Lu, C. C. and C. F. E. Roper. 1991. Aspects of the biology of Sepia cultrata from southeastern Australia. In: La Seiche, The Cuttlefish. Boucaud-Camou, E. (Ed). Caen, France; Centre de Publications de l'Université de Caen: 192-192.

Mangold, K. 1989. Cephalopodes. Traité de Zoologie. Tome V. Masson, Paris. 804pp.

Mangold, K. M., R. E. Young and M. Nixon. 1993. Growth versus maturation in cephalopods. p. 697-704. In: T. Okutani, R. K. O'Dor and T. Kubodera (eds.). The Recent Advances in Cephalopod Fishery Biology. Tokai University Press. Tokyo.

Messenger, J.B. 1973. Learning in the cuttlefish, Sepia. Anim. Behav. 21:801-826.

Wells, M.J. 1962. Early learning in Sepia. Symp. Zool. Soc. Lond. 8:149-169.

Wells, M.J. 1958. Factors affect reactions to Mysis by newly hatched Sepia. Behav. 13:96-111.

Wirz, K. 1959. Biometric studies of the cephalopod nervous system. Bull Biol. France Belgique 43:71-117.

Young, R. E., M. Vecchione and D. Donovan. 1998. The evolution of coleoid cephalopods and their present biodiversity and ecology. South African Jour. Mar. Sci.., 20: 393-420.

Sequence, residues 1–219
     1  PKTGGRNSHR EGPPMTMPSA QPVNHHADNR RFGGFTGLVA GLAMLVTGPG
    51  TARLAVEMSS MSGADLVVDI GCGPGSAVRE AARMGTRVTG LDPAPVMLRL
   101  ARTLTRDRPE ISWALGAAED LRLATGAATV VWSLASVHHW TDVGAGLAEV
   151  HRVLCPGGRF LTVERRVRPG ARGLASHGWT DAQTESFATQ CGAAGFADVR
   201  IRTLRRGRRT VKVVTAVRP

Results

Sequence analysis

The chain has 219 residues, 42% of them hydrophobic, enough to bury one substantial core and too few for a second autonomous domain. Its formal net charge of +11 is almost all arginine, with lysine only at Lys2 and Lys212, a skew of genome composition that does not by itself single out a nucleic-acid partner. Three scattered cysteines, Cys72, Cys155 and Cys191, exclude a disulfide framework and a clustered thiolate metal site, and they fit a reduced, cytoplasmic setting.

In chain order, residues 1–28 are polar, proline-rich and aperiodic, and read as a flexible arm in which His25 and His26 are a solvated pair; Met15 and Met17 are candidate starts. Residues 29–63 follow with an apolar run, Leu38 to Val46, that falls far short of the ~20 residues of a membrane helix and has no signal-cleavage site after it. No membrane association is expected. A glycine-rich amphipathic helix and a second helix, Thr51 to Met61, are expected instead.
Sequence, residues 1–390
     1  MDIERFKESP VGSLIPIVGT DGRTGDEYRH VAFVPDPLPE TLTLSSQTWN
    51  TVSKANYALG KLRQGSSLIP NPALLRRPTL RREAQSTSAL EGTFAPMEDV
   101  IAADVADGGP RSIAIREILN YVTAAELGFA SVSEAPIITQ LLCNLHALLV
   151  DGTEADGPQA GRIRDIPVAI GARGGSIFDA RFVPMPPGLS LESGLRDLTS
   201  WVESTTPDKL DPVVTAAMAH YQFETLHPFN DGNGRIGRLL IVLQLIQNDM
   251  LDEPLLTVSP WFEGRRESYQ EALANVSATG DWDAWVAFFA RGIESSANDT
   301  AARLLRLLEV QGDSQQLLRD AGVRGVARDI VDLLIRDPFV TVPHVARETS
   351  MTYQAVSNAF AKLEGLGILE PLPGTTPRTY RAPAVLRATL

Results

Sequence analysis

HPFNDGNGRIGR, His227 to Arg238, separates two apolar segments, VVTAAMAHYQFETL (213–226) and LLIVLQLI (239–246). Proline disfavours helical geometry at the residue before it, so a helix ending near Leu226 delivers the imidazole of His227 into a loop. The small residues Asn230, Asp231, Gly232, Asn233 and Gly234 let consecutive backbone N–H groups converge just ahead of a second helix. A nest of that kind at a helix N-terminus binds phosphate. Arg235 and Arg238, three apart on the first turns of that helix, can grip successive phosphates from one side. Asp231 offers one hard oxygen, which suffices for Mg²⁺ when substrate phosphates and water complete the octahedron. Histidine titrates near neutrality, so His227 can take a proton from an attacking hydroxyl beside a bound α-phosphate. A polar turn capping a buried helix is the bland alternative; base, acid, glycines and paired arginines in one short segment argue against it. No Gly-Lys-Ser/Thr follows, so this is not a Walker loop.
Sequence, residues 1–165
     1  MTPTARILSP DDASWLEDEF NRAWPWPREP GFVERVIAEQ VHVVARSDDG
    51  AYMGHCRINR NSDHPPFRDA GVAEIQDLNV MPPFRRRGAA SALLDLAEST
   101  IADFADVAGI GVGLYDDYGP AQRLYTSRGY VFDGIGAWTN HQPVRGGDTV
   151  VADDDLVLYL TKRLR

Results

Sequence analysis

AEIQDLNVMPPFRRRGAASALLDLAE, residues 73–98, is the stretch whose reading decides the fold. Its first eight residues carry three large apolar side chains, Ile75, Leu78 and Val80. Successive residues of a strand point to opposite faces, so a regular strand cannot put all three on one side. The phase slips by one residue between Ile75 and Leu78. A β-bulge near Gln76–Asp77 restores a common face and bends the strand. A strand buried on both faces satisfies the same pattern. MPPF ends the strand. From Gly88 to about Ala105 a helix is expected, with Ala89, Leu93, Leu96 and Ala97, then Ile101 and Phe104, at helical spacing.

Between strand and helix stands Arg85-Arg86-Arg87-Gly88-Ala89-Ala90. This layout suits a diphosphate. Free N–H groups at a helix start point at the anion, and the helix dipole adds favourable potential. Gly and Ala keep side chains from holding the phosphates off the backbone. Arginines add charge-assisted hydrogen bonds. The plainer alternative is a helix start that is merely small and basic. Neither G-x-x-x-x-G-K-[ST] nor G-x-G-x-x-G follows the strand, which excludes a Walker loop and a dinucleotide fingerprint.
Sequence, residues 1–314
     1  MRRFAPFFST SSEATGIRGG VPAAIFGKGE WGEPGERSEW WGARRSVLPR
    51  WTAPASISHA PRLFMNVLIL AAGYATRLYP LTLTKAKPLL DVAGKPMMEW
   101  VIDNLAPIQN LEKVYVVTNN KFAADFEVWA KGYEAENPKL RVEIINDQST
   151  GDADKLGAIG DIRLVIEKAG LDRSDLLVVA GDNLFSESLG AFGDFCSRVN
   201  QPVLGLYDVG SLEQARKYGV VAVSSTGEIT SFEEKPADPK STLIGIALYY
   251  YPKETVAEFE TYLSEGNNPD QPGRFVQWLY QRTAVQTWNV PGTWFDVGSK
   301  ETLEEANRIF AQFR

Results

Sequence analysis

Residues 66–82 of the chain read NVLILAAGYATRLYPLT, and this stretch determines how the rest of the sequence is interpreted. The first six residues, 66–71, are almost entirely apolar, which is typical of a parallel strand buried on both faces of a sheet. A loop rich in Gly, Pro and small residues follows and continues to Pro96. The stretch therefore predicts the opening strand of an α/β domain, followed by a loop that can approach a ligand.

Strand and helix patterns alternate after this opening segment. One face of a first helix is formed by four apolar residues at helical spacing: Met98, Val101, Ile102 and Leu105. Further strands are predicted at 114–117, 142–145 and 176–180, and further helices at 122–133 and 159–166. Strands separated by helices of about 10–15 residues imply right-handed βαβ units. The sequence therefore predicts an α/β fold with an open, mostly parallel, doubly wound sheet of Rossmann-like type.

Title Illustrations
Click on an image to view larger version & data in a new window
Click on an image to view larger version & data in a new window
Scientific Name Sepia officinalis
Location Banyuls-sur-Mer, France
Image Use creative commons This media file is licensed under the Creative Commons Attribution-NonCommercial License - Version 3.0.
Copyright © 1996
About This Page

Katharina M. Mangold (1922-2003)
Laboratoire Arago, Banyuls-Sur-Mer, France


University of Hawaii, Honolulu, HI, USA